Showing posts from August, 2012

Ethics and the presence of God

(Updated 1/5/2021) Fundamental to any discussion about Christian ethics is the sure knowledge that the triune God has united humanity to himself in and through the vicarious humanity of the incarnate, crucified, risen and ascended Son of God, Jesus Christ. When our reasoning is grounded in and directed by this central truth, we will approach ethics not as what we might do to bring God near or to keep him near, but as our grateful response to the reality of God's presence with us, in the person of Jesus, through the Holy Spirit. This incarnational and Trinitarian understanding of Christian ethics is unpacked in several Surprising God posts: Christian Ethics (series) We were made for Communion with God Trinitarian ethics: How then shall we live? A Theological Ethic  (series) Barth's Theology of Relations God, Freedom and Human Dignity Ethics and the Holy Spirit as Creator Ethics and the Holy Spirit as Reconciler Ethics and the Holy Spirit as Redeemer Ethics and cu

Words for worship: He is closer to us than we are to ourselves!

This post is from worship leader Mike Hale. Ever feel a gazillion miles away from God?   As worshippers of a God that we do not presently see (or that we see dimly and with ‘spirit eyes’—which is another subject in itself), we can feel as though the living, risen and ascended Lord Jesus is light years away from where we are, and awfully hard to reach—especially if we feel guilty and captive to our wrongs or the situation around us.   ‘But remember this’, said my theologian friend John Emmory McKenna (or Dr. John, as I affectionately call him), ‘he is closer to us than we are to ourselves!’ It was a catchy, comforting line, and McKenna has reminded me of it often.   First time was 1997 and Dr. John and I were having a much-needed talk about prayer and worship.   I was the one that needing the talk, and asking all the questions, generally summed up as, ‘what is God doing when we worship?’ Swiss theologian Karl Barth Long-time readers of this blog may recall mention of that conversation w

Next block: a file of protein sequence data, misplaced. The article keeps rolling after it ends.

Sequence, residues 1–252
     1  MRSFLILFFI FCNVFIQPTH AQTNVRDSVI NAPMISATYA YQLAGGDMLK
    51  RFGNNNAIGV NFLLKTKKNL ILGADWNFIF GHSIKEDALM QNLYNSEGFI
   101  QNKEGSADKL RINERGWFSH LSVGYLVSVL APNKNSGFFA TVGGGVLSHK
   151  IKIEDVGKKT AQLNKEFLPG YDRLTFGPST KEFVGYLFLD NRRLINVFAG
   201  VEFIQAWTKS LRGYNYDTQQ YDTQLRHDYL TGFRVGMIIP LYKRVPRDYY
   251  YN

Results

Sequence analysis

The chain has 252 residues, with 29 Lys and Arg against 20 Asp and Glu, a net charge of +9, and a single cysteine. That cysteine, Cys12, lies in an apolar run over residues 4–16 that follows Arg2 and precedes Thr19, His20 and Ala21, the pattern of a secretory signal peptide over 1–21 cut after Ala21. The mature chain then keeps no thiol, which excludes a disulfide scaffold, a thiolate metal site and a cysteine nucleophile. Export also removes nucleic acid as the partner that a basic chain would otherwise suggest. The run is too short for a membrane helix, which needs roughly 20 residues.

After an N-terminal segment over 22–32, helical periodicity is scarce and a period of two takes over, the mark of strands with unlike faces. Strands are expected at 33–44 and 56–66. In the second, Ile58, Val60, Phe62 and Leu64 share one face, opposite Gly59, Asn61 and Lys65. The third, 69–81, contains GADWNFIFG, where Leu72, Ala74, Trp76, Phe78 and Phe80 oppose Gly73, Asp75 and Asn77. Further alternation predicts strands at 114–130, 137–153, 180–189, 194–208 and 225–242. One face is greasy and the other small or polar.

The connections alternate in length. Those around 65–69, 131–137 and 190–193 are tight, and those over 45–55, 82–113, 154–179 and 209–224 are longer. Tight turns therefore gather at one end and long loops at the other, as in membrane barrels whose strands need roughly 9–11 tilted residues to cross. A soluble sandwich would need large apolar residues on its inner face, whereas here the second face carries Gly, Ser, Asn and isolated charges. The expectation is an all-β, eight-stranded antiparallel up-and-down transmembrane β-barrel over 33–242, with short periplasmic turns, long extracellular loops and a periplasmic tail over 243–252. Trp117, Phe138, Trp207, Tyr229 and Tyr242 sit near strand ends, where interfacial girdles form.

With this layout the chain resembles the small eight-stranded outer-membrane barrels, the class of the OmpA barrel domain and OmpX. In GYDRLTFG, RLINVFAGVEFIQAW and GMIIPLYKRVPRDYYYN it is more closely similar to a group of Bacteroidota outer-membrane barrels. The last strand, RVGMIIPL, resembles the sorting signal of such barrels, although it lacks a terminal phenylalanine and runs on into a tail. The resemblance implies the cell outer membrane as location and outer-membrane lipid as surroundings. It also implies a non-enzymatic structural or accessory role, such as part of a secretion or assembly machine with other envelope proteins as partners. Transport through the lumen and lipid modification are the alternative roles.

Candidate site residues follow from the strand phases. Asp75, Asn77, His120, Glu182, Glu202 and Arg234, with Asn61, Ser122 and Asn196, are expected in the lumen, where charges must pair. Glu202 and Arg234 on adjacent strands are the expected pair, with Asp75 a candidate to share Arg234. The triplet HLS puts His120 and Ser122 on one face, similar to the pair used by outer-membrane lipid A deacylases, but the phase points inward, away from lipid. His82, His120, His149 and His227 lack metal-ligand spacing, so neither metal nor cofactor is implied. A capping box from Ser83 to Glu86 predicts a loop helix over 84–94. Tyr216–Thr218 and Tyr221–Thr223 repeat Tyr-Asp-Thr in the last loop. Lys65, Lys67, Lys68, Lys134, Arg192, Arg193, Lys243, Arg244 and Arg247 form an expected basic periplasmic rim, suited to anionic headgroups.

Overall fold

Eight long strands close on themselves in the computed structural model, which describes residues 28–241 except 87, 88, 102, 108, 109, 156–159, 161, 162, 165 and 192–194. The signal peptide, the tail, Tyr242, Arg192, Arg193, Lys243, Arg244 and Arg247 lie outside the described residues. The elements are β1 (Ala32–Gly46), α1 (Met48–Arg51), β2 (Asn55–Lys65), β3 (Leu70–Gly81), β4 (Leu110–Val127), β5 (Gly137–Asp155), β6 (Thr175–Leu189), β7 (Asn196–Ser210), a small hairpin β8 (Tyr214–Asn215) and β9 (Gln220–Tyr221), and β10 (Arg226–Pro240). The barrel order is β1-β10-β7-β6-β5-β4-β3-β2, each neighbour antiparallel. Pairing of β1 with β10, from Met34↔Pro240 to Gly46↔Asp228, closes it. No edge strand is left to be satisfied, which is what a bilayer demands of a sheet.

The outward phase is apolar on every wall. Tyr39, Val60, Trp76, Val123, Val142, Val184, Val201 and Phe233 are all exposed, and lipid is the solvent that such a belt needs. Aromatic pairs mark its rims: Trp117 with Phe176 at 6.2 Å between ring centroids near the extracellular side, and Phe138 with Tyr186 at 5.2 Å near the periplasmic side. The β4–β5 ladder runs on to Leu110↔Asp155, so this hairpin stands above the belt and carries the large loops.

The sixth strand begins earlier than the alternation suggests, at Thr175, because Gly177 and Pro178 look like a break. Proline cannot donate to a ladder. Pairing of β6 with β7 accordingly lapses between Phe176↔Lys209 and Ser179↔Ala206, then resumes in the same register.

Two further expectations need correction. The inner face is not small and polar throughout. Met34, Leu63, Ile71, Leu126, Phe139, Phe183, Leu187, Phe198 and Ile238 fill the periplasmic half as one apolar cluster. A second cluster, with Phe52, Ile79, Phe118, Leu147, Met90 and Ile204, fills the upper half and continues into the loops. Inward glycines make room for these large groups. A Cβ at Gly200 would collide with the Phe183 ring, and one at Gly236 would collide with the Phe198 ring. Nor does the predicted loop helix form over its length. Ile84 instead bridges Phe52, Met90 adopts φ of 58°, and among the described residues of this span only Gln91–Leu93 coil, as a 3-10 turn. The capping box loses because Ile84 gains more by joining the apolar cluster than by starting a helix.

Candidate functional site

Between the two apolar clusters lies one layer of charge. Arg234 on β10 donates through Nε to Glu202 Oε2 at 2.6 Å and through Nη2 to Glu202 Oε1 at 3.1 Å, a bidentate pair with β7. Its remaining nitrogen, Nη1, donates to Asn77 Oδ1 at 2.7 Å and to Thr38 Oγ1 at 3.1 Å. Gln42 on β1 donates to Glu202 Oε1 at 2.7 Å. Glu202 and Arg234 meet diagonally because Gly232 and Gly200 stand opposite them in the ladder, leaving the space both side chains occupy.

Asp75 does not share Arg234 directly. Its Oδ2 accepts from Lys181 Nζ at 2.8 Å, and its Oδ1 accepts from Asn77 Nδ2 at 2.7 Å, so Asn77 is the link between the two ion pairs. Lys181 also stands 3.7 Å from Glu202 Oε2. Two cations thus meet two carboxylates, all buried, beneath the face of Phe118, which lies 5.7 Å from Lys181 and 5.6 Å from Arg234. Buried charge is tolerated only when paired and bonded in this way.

Trinitarian ethics: Why are we gendered beings?

Last time we began an examination of Christian ethics from a trinitarian, incarnational perspective. We concluded that from this biblical viewpoint, ethics is fundamentally about sharing, through the Holy Spirit, in Jesus' own loving and living in our world. This time we look at a related topic - God's good design for humanity. Once again, we begin by asking,  Who is Jesus?  The answer is that as the second person of the Trinity, he is fully God; and through the Incarnation (which continues), he is fully human. Thus in Jesus we find not only the full reality of God, but also the full and perfect expression of God's design for humanity. Scripture speaks of this design in many ways, including telling us that God created humanity to be his image-bearer (Gen. 1:27). But in what way? For the answer, we look not to ourselves (for we are fallen), but to Jesus, who, in his humanity, perfectly and fully bears the image of the triune God. [Click  here  and here  for related S